Weathered

SkyWalking

All night our building
swayed in the arms
of the angry wind,
a boozy old woman
on a cruise ship.

The early stillness
of the morning after
punctured
by an earthquake,
doors creaked
in their wooden frames,
the pendant light
swung across
the dining room.

We opened the drapes
to crayola blue skies
and
Mount Fuji
who was out
for a stroll.
“Good morning,”
she said,
“You’ve weathered
another storm.”

An umbrella-shade woman
smiled as we passed through
the black and white striped
land of the traffic cop
blowing his whistle-warnings
sharp sharp and loud.

As they passed the train station
two girls in navy uniforms
laughed joyfully.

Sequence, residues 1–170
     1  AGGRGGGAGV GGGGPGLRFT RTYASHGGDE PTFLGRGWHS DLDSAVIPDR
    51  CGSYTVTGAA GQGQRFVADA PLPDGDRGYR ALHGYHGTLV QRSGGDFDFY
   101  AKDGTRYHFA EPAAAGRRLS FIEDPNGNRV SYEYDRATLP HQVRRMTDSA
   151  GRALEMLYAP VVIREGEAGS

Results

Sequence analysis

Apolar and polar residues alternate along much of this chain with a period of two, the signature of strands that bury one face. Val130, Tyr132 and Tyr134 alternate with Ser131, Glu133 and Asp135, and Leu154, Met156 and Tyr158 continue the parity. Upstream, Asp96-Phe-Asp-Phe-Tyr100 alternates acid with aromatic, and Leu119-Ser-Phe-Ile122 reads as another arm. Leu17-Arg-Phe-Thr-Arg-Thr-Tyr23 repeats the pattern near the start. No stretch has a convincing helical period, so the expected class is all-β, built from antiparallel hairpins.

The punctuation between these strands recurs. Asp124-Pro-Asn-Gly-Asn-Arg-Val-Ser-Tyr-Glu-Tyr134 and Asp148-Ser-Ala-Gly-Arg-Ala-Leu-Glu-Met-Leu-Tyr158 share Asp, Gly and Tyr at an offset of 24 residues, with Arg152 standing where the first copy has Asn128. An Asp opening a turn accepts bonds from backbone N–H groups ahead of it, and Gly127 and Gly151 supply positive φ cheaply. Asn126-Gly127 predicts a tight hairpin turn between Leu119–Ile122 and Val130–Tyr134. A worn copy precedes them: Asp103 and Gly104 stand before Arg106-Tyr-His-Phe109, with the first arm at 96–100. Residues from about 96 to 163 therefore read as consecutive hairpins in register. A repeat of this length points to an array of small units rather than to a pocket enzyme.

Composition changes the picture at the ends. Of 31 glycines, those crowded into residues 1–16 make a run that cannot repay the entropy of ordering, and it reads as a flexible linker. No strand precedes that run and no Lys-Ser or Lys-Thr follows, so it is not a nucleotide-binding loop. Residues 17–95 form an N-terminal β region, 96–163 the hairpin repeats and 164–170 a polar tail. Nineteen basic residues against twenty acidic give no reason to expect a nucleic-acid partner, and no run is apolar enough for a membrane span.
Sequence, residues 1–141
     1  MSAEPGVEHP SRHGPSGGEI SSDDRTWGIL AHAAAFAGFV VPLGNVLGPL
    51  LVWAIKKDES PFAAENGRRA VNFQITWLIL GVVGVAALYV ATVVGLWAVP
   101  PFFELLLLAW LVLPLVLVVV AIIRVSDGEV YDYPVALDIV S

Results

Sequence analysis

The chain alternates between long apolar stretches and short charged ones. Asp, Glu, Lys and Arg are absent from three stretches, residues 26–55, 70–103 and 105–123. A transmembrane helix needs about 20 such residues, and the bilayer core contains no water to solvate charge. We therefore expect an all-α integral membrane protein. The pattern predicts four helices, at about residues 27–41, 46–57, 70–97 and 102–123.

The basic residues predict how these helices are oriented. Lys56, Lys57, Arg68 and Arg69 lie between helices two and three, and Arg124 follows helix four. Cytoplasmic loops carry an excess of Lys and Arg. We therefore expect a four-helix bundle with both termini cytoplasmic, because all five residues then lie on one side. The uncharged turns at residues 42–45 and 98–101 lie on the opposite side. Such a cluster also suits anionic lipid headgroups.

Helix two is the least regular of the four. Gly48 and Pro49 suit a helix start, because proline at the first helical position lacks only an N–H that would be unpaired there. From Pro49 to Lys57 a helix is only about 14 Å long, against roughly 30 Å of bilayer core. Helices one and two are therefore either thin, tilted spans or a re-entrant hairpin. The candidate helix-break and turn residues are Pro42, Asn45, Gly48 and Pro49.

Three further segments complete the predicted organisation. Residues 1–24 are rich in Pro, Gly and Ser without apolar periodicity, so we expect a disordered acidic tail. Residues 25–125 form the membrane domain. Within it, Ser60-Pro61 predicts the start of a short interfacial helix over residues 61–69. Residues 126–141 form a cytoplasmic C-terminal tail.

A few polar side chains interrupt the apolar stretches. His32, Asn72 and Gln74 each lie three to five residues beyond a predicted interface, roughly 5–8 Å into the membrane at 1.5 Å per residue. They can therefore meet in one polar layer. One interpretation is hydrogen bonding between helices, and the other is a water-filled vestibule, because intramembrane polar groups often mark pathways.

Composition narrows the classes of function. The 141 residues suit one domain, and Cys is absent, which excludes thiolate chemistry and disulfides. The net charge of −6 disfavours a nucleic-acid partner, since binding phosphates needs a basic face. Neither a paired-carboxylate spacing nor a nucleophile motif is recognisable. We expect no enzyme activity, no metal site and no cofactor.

Commuters turned.
Eyes wide,
one girl covered her mouth.
The other wore a mask.

A boy with grey trousers
and sneakers
and four inches
of white socks in between
raced by,
a blue bag slung over
one shoulder like
a burden.

A young mother emerged
from the back seat
of a white car,
a baby tied to her chest
with fuchsia pink strings.
The infant touched
her mother’s face
as they raced across
the street.

A thin foreign boy
with blonde hair
and a beige leather jacket
danced to the secret rhythms
of his headphones.
Danced right into the station.

We weathered another storm.

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